How does people-driven digital square up to NHS-led digital? This was a question considered by Paul Hodgkin in his final Power to the People column for E-Health Insider. You can find the full article here and below are a few snippets that illuminate some of the themes we are likely to be considering at #PdDigital15.
Citizen outspend the NHS on digital
We spend a lot less in the NHS on digital technology that we do as citizens:
So what have I learned? One signature theme is that NHS IT years are the reverse of dog years – if each human year is equal to seven dog’s years then the stuff that happens in the world of NHS IT is about 1/7th of that achieved by the citizenry.
Just look at how much the NHS spends on IT kit compared with the citizenry. During the Connecting for Health campaign, the NHS spent around £1 billion per year on IT.
Meanwhile, the people – that’s you and me and pretty much everyone else – was spending a minimum of £400 per household per year on phones, broadband, tablets and PCs. With 25 million households that works out at a cool £100 billion over the same decade. NHS £1: Citizens £10.
Citizens doing it for ourselves
Whilst the NHS is wrestling with huge barriers and challenges to digital technologies, citizens are doing it all anyway:
Information governance, systems that don’t talk to each other, cultures that clash, organisations that compete when they should collaborate – all these are the very stuff of high transaction costs; which is just a fancy way of saying they are a complete pain to work with.
Meanwhile, citizens just boogey on down to Google or Facebook to find people with the same interests. They start chatting and Tweeting and in a twink they have integrated themselves with their neighbours over the global fence. Then they start coming in your front door armed with information, support and their very own data.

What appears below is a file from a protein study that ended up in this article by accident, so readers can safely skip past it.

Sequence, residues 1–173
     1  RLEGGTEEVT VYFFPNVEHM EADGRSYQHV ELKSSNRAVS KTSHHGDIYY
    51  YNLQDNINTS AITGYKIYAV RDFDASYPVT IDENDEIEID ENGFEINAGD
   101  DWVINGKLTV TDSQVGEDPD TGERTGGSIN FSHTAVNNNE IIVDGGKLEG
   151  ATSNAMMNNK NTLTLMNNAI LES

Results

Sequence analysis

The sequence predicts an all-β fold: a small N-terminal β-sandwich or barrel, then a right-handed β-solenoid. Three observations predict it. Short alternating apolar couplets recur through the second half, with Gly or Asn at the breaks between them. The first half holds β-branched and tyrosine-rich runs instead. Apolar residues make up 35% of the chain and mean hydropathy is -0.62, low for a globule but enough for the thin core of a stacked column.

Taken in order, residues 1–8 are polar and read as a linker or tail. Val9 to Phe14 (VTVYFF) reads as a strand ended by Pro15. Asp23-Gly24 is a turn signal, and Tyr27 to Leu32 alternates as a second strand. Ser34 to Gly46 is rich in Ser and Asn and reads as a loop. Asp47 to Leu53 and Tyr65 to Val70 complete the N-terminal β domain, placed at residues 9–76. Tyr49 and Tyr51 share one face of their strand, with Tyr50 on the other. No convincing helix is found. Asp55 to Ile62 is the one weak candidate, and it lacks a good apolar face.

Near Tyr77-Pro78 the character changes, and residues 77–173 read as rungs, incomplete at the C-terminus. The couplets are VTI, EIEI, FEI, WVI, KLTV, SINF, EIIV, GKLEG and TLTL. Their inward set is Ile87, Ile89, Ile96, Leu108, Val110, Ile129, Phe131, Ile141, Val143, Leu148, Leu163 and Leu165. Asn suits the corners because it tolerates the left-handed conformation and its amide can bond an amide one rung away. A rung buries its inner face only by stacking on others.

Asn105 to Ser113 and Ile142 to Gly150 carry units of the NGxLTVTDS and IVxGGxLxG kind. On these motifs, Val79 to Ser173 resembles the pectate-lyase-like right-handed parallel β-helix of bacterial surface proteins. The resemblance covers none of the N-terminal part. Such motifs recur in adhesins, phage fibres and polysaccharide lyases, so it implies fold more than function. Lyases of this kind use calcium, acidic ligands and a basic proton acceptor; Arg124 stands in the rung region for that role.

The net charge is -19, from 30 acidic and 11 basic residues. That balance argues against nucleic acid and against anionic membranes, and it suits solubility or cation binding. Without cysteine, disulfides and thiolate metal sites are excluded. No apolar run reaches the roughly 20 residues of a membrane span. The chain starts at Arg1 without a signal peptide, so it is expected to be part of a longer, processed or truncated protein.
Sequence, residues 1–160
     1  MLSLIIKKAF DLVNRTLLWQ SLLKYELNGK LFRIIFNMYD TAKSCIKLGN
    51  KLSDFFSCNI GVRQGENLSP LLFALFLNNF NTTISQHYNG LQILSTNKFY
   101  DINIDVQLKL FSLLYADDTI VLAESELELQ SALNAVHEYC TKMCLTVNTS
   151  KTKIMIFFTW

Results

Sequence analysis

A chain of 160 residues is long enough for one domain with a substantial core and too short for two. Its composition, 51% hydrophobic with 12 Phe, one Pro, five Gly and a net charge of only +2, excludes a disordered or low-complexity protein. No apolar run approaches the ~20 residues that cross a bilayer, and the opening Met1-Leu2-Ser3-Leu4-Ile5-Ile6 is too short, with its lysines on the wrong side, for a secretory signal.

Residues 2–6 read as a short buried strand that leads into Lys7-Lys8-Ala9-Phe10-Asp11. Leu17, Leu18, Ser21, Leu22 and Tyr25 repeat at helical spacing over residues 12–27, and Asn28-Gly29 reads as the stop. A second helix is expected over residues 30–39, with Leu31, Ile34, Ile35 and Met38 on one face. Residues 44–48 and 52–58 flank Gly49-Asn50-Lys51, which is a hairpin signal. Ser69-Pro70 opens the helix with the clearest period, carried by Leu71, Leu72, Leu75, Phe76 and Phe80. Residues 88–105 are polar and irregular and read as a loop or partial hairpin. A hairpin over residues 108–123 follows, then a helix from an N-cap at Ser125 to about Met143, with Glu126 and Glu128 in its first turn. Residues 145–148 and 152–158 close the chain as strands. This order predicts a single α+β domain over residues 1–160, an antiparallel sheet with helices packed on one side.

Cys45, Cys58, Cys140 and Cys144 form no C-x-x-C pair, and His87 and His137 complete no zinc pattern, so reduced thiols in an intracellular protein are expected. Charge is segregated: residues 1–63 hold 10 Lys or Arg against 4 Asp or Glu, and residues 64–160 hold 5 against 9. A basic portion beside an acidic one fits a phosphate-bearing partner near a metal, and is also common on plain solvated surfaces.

Hacking health from the bottom up
To what extent does the increasing use of digital by citizens have profound implications for our relationships with healthcare professionals and provider organisations?
For centuries, the relationship between patients and their health care providers has been a one-way street in which doctors and organisations held all the cards: it was patients who were information poor, who lacked resources, and who were much more vulnerable.
These imbalances of information, power and vulnerability have shaped medicine since Hippocrates. But our networked world is beginning, slowly, to change this. This goes way beyond the fact that patients and carers now come highly informed.
Today’s patients have access to significant new resources. Not those controlled by the system, but those created by patients themselves: the forum, the voice in the night from the other side of the world saying ‘have you tried this?’ and, increasingly, the ability to share your bio-data and your life experiences with your community of fellow sufferers.
These new resources are created by the lower transaction costs of the loosely coupled, but intelligently communicating, crowd of ‘people like me’. This is not ‘co-production’ – which is what those people called patients are still supposed to do to help the system. It’s much more like hacking healthcare from the bottom up, from the outside.
NHS informatics is essential – but perhaps not forever
But we shouldn’t underestimate the very real challenges faced by the NHS:
NHS IT is a hard slog because it handles life-critical, highly personal information in a system that is understandably highly risk averse; and I salute the dedication and professionalism of all those who strive to overcome all the barriers to progress and to improve care for patients.
While ever we still have big systems providing highly invasive care to relatively passive patients we will need all the skills of NHS IT professionals. But at some stage in the next 15 years the distributed power of the loosely-coupled network will begin to alter the dynamics of healthcare in completely new ways.
A big hank you to Paul for allowing me to reproduce some of his article on my blog to promote conversation in advance of #PdDigital15.
Paul is founder and until recently was chair of Patient Opinion, a website on which patients, service users, carers and staff can share their stories of care across the UK. Patient Opinion is a not-for-profit social enterprise based in Sheffield. Until 2011, Paul also worked as a GP and has published widely including in the BMJ, British Journal of General Practice and the Guardian and the Independent. Follow him on Twitter @paulhodgkin.